SERVANT Values that are lived out generously, joyfully…giving thanks to God.  Those who submit to Jesus as their king, understand a reckless extravagance in their living.  Extravagance known to them because of God’s generosity toward them.  Generosity in and on that cross.

If Jesus is our king, OUR generosity is lived out without boundaries through our SERVANT values to the poor, the outcast, the stranger…even those we find it hard to love.

If Jesus is your king, our SERVANT values are a constant reminder of our call to live as SERVANTS.  So let your living be grounded this way:  you are the only Bible some people may ever read…you are the only Jesus some people may ever see.   Jesus is calling you to serve him by serving others.

If Jesus is your king, you will respond.  You will live out our SERVANT values, because OTHERS… need to know who has already won the war!!


A Good Friday Reflection

Good Friday… What is so good about it?

For Christ, the journey to the cross, started long before he set foot in Jerusalem. It started long before the heaven opened and the voice from heaven proclaimed: This is my Son! Good Friday became good when it was first promised, in the very Garden where God walked along side Adam & Eve. Good Friday was good because of the promise it carried, a promise that brought Creator and Creation side by side. Good Friday was good, with all the messiness the pain and suffering, Good Friday was good. Without the goodness of this day, Christ’s suffering and sacrifice would be just a painful, hard to talk about day in our history. And that submission of the Christ to the will of God, that moment of “let your will be done”, that moment of the last breath on the cross that uttered: It is over; that is what makes this Friday Good. It is good because is a day about hope found in promises kept, it is good because it is about seeing the redemption Christ brought as he carried his cross on the way to Golgotha.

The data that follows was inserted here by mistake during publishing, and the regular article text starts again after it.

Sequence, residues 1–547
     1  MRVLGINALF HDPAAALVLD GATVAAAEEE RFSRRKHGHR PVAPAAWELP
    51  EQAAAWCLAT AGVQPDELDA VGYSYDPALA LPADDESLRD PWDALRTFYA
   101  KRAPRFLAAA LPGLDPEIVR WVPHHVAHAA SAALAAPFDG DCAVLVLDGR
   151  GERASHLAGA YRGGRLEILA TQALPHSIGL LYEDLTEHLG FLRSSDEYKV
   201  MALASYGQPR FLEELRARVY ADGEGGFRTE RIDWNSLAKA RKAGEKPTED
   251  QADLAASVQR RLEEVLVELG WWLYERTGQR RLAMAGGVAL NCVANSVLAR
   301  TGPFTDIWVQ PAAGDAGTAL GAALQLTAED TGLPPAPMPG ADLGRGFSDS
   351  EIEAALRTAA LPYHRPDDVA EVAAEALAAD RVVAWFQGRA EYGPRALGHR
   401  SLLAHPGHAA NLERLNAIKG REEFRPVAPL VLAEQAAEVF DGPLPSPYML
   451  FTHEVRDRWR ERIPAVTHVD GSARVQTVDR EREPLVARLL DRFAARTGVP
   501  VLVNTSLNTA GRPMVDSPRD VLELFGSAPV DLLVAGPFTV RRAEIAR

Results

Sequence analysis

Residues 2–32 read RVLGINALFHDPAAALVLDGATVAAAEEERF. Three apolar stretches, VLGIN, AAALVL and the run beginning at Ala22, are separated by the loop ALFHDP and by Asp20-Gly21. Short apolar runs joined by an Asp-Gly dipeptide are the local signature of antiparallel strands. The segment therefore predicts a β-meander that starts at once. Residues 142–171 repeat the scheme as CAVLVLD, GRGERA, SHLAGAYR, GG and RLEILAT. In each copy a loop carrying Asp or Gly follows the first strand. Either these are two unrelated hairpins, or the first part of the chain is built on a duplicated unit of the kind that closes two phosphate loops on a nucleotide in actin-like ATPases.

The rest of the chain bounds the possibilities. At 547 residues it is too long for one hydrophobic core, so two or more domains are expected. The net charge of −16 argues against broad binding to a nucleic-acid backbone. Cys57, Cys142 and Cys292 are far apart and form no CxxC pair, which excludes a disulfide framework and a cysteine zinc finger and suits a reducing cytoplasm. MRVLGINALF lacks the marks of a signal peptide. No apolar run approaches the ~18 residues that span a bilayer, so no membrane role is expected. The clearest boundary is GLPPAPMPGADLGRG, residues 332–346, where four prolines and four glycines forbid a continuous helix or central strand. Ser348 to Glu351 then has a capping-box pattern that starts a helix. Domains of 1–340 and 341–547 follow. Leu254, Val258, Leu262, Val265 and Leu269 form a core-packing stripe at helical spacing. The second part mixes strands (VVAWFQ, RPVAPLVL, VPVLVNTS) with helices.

Today i want to encourage you to rejoice in the sadness that this day brings. It is the day the Lord carried our sins to the cross, but it is also the day that God fulfilled his promise.

If you have a little time today please read John 18-19 and let the events of the day speak to your heart.

Be blessed,

Bo M.

Serve, not Be Served


Maundy Thursday Readings

Each of these text passages cover the events of what we now know as the Last Supper. This was, of course, the last meal Jesus would have eaten before the crucifixion. And this meal, as we know, took place at the Passover celebration. So the Exodus passage gives us the story of THE Passover, in which Israelites enslaved in Egypt painted lambs’ blood on the door jambs to signal the angel of death to pass by their homes en route to killing all of the firstborn of Egypt. In the Psalm, we read about giving thanks to God for hearing our cries for help, just as Israel cried for help in being released from their bondage. In I Corinthians, Paul reminds us why we celebrate communion. And finally, in John, we read about the washing of feet by Jesus.